"History" Makes Headlines with Launch of New Website
Nov 03, 2010
History of Vaccines: A New Website by the Oldest Medical Society in the United States
Stanley A. Plotkin, MD
Before Edward Jenner developed vaccination for smallpox in 1796, the disease killed, blinded, and disfigured millions of people. In the 1920s, diphtheria killed about 15,000 children a year in the United States before immunization was widely available. Measles was a rite of passage for nearly all children, with unfortunate thousands a year suffering death or other permanent consequences, such as brain damage, from the disease.
During my own work on the rubella vaccine, I witnessed an epidemic that left thousands of infants deaf and mentally retarded, and even more thousands of women mourning the loss of pregnancies due to rubella infection during early pregnancy.
This history of what are now vaccine-preventable diseases is easy to overlook, given the current low incidence of these illnesses in the United States (or, in the case of smallpox, the eradication of the disease). In fact, it is typically only during their child’s well-baby checkups, when vaccinations are offered, that today’s parents are asked to consider these “disappeared” diseases. And yet, as I wrote more than 20 years ago, the impact of vaccination on the health of the world’s peoples is hard to exaggerate. With the exception of safe water, no other undertaking has had such a major effect on mortality reduction and population growth.
To shed some light on the history of these illnesses, and the development of vaccines to prevent them, The College of Physicians of Philadelphia has created The History of Vaccines, a website dedicated to exploring the role that immunization has played in the human experience and its continuing contributions to public health.The College, the nation’s oldest medical professional society, has long been a treasure for those engaged in studying the history of medicine. It houses the world-renowned Mütter Museum and is known as well for its Historical Medical Library. I am pleased to serve on the Advisory Board of this project, along with Paul A. Offit, MD, and other scientists, physicians, historians, and public health experts.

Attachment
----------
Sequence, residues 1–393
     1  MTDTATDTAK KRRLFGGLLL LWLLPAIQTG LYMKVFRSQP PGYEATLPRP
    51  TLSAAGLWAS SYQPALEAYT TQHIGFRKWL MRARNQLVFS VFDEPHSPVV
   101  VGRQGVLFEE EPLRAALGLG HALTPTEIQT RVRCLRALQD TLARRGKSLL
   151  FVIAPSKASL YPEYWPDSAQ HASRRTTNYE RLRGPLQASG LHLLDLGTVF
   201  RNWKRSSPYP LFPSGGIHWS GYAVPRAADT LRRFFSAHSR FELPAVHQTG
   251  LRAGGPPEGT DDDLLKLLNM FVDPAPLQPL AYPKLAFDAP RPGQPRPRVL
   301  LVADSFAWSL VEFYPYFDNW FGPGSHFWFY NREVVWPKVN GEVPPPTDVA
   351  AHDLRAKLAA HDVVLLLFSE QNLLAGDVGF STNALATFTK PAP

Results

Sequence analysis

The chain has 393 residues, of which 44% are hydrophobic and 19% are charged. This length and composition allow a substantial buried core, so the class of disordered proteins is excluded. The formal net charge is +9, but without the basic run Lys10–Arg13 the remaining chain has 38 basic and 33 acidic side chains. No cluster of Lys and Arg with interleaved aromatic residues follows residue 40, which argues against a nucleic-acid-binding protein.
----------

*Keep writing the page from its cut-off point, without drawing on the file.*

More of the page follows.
The History of Vaccines includes interactive games and tutorials, timelines of important events in vaccine history, and contributions from scientists in the field, such as videos of Hilary Koprowski, MD, a developer of early poliovirus vaccines; D.A. Henderson, MD, Dean Emeritus of the Johns Hopkins Bloomberg School of Public Health; Maurice Hilleman, Ph.D., a contributor to more than 40 vaccines including those for hepatitis B and mumps; and Samuel L. Katz, MD, who helped develop the measles vaccine.
Please visit The History of Vaccines to learn about the role of vaccination in human health.
Dr. Plotkin, who is an instrumental figure in the development and application of rubella, polio, rabies, varicella, and rotavirus vaccines, is Emeritus Professor of the University of Pennsylvania and the Wistar Institute. His many professional awards include the Sabin Gold Medal Award, the French Legion of Honor Medal, and the Maxwell Finland Award for Scientific Achievement.
Dr. Plotkin will be speaking at The College of Physicians of Philadelphia on November 3rd at a launch event for the History of Vaccines. His lecture is entitled “Four Centuries of Vaccinology.” More information is available at The College of Physicians’ events calendar.
This guest post was written by Alethea Mshar out of concern for her son Ben. A version of this post originally appeared on her blog Ben’s Writing, Running Mom. Like all parents, my child’s health...
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